As a real morning person, getting up early is usually not a problem at all. When my alarm clock rings, I need about half an hour to take a shower, get dressed, and have breakfast. I love to cycle to work or university when Amsterdam is awaking, and the sun has just risen. The easy feeling of the morning provides me with some good energy for the rest of the day. It was only this week that I found myself in trouble during my favourite moment of the day. I could not get out of bed as easily as usual, and my days actually started pretty late and a bit more stressfully. At first I thought this was due to the exams, and that my resistance to get up was a sort of manner to avoid the fact that I really had to study hard. Although that might be part of the reason, it was not the main cause of my behaviour. While cycling to work this morning, I realized that it was still dark outside when I had to leave the house, and that it was exactly this slight difference that changed my mood completely. There are many people with me that face similar difficulties when the Daylight Saving Time (DST), or – as we call it in Dutch – summertime is set. The 26th of March the clock was forwarded an hour, something that happens every spring. This practice of adjusting time was introduced in 1916 by the German Empire and Austria-Hungary, and has been implemented in many countries ever since. The motivation behind the DST was to reduce electricity and heating costs that were made during the dark hours in the evening, and to stimulate economic activity in the late afternoon. However, opponents of summertime argue that this ‘moving of time’ leads to physical and mental problems and is not saving us any money at all. What exactly is this DST, and why was it implemented? Should we keep adjusting time, or does it not make sense anymore?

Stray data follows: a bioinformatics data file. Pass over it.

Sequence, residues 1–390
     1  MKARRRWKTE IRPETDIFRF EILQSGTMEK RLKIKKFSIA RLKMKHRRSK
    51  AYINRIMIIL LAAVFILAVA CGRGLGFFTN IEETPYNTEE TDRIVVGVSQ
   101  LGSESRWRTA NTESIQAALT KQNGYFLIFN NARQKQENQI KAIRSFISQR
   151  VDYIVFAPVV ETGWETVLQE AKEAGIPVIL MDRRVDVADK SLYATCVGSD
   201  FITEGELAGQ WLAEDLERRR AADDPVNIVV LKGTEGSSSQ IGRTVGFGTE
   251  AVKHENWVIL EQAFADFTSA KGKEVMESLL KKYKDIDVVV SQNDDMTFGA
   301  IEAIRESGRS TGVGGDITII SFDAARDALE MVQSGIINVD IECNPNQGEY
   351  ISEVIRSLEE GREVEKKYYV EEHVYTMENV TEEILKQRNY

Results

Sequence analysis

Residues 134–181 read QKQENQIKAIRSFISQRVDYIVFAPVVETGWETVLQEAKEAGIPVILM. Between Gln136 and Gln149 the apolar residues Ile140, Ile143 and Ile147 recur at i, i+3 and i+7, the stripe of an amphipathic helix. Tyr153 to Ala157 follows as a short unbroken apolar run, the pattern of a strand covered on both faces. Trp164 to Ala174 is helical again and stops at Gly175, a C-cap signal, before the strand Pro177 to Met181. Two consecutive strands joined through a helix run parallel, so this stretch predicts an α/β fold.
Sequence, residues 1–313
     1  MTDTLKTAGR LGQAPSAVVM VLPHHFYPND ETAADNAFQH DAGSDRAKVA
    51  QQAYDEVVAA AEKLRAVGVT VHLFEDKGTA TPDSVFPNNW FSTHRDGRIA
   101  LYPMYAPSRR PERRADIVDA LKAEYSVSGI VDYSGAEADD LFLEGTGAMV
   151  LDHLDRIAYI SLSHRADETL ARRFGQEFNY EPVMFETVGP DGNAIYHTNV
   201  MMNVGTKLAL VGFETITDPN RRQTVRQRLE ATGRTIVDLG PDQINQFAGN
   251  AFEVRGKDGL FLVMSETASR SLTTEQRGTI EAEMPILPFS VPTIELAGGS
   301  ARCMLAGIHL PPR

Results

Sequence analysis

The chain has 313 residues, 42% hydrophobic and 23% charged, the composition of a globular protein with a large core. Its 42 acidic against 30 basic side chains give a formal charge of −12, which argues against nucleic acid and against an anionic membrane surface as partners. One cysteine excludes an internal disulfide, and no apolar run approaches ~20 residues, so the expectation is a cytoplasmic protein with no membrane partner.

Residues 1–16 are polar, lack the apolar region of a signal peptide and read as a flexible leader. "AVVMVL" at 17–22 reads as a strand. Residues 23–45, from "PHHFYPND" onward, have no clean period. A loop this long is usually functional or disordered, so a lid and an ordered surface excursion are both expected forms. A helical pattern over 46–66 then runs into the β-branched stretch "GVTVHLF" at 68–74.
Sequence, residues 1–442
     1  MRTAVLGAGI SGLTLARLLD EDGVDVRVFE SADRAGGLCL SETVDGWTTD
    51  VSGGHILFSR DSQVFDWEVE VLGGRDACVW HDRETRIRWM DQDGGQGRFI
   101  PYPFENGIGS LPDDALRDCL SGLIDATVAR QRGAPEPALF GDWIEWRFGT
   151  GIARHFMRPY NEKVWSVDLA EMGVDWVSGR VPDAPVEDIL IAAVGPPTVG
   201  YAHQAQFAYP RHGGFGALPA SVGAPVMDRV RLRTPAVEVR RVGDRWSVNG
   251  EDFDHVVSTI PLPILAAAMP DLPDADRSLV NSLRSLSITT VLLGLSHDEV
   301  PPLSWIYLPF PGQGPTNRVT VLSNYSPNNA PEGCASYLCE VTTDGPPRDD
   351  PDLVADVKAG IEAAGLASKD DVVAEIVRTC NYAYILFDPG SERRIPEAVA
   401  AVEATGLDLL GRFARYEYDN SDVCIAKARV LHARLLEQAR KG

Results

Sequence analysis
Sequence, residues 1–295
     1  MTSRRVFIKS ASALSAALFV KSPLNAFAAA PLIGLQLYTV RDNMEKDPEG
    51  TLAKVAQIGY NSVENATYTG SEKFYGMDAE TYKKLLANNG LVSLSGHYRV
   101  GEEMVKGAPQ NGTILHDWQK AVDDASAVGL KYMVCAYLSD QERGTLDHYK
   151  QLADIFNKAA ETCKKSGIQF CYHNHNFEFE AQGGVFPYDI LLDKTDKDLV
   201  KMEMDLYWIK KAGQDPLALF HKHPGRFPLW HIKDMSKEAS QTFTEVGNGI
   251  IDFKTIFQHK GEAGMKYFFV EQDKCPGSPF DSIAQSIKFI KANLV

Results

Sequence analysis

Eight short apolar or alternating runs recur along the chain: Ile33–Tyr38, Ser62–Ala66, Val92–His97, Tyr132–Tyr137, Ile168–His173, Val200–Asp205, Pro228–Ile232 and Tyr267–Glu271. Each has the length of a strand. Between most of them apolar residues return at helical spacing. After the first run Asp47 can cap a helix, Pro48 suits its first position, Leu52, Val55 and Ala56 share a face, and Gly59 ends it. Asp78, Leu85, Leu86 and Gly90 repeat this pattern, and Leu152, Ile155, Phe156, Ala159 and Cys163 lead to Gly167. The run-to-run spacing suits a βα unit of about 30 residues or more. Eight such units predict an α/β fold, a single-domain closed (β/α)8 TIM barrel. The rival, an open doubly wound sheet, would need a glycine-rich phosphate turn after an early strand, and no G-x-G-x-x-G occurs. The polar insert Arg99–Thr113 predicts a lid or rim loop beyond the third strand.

Although Daylight Saving Time was only countrywide introduced on April 30, 1916, one of America’s founding fathers, Benjamin Franklin, already wrote an essay on the matter in 1784. In this paper, ‘An Economical Project for Diminishing the Cost of Light’, Franklin proposed to introduce the shift of an hour, so that the people in Paris could make an optimal use of the natural light instead of getting out of bed earlier. Franklin jokingly said that it would save the Parisians a lot of candles and therefore costs. Franklin’s proposal was not very serious, but his idea was heard, and he inspired many people to actually implement DST. Hence, around 70 countries adjust their time schedule every March/April, and set back the time in November. After the oil crisis in 1973, a lot of European countries had to save money and energy, and the extra hour of light during the summer was a proper way to do so. Daylight Saving Time is thus the adjusting of time in order to create a better fit between our daily schedule and the daylight. Since our daily schedules are based on particular time slots – school starts at 8.30AM, working is from 9AM to 5PM, etc. – this is a logical way to ensure this better fit. So what we actually do while using DST is adjusting our time schedule instead of our actual daily schedule. That’s pretty strange, right?